Articles & Blogs, Category = Business ethics & CSR

Wall Street and the Behavioral Science of Making Culture Ethical

Ethical Systems recently caught up with Engler to hear how he sees the way behavioral science can help organizations, particularly in the financial sector, assess and reform their cultures to make them more ethical. Engler published a book on this topic a couple of months ago, titled Remaking Culture on Wall Street: A Behavioral Science Approach for Building Trust from the Bottom Up.

To Get Companies to Take Action on Social Issues, Emphasize Morals, Not the Business Case

“We’ve seen the business case for a plethora of social issues: increasing diversity, sustainability, corporate social responsibility, corporate philanthropy, corporate volunteering programs, reducing poverty, and treating employees well. Yet some have questioned whether we always have to make the business case. For example, don’t many organizational leaders want to improve society as an end in itself? Research also shows the business case can activate a leader’s “economic schema,” or a tendency to make decisions solely from an economic viewpoint, which can lead to less compassionate behavior. So we set out to scientifically study whether the business case or the moral case for combatting social problems was most persuasive to managers.”

Oil Execs Should Be Tried for Crimes Against Humanity, Essayist Kate Aronoff Argues

A new essay published in Jacobin argues that the time has come to try the executives of oil companies for crimes against humanity as a result of their actions promoting climate change. There is a legal precedent, as the heads of several German companies were tired for such crimes after WWII. Even if it never comes to pass, discussing the idea could give us a sense of what steps to make the world a greener place are possible.”

What TV Comedy ‘The Good Place’ Tells Us about Why Banks and Other Corporations Do Bad Things

The Good Place, in case you don’t know, is about a happy afterlife accessed through earning enough life points from good deeds (bad deeds get point reductions). […] What The Good Place suggests to us about individuals is also applicable to companies: it is getting harder to be good. The bigger a corporation gets the more complex its business becomes. It is exposed to volatile markets and disruptive technologies. Its supply chains are likely to span the globe. There is so much more information to consider.”

Business Advice from Aristotle; The Philosopher’s Teachings Were Not an Absolute Condemnation of the Pursuit of Profit.

“Aristotle’s writings include ample fodder against today’s corporations; he emphasized the value in virtue and simplicity, and prioritized the betterment of society over the advancement of the individual. And yet, the philosopher’s teachings were not an absolute condemnation of the pursuit of profit. Denis Collins argues in the Journal of Business Ethics, ‘that it would be improper to use Aristotle’s thought as a blanket disapproval of business and profits’.”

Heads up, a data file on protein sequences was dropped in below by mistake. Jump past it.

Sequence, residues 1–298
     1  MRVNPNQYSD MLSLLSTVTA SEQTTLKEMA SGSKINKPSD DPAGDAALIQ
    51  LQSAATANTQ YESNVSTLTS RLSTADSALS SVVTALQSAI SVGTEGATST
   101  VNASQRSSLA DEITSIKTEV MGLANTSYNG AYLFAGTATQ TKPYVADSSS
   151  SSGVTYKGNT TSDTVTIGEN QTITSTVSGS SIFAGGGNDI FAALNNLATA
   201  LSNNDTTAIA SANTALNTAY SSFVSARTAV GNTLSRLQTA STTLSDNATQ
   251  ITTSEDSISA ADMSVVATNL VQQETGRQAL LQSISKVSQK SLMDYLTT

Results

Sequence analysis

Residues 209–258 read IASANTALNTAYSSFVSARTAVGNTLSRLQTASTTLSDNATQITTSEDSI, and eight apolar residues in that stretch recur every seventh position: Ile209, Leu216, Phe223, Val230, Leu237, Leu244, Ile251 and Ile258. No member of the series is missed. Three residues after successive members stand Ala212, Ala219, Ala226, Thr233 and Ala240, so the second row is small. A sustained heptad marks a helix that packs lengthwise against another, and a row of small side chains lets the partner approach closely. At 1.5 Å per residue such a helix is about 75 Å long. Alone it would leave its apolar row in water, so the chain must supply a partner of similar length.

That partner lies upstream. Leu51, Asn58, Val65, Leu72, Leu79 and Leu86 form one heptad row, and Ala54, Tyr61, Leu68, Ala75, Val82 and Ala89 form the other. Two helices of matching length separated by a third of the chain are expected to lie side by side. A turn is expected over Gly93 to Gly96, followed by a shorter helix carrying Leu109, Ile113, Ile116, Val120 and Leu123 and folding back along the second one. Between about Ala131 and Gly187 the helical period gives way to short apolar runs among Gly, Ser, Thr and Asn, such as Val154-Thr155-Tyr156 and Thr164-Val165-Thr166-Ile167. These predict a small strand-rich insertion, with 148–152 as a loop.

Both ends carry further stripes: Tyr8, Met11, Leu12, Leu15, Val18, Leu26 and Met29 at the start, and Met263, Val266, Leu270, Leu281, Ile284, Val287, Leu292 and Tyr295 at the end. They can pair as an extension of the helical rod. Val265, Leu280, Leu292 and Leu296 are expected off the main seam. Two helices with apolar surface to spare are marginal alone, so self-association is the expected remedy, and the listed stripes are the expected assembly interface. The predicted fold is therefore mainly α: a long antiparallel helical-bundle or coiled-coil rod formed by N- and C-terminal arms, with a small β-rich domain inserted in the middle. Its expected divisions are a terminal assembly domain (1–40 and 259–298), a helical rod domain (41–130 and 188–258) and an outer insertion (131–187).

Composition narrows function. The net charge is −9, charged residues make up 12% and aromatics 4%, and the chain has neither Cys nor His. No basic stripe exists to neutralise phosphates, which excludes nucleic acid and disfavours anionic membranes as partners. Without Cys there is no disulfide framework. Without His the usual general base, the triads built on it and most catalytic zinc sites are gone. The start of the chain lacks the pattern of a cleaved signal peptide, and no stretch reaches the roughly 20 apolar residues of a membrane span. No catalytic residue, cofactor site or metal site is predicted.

We Must Rethink the Purpose of the Corporation

“The business corporation is among the most remarkable of all human innovations. Corporations are warring armies battling for supremacy in markets. The resulting symbiosis between command and competition has proved very fruitful. The unprecedented economic development seen since the middle of the 19th century would have been impossible without the resources and organisational capacities of that great invention — the limited liability joint-stock company. Yet, as Colin Mayer of Oxford university’s Saïd Business School argues in a remarkable and radical new book, Prosperity, all is not well with the corporation.”

When Competition Between Coworkers Leads to Unethical Behavior

“In our research, recently published in the journal Human Resource Management, we found that performance evaluation schemes based on peer comparison can encourage unethical behavior. […] We propose a subtle and simple intervention we call consequential reflection: prompt individuals to reflect on the positive and negative consequences of their decisions.”

Woke Washing: What Happens When Marketing Communications Don’t Match Corporate Practice

“Brand activism has become the new marketing tactic of choice, and a brand’s stance on societal and political issues can offer a differentiating factor in a fast-paced corporate marketplace. […] However, while consumers expect big brands to take a stand, they may not believe them when they do.”

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Adam Smith's Marketplace of Life

Adam Smith's Marketplace of Life (2002)

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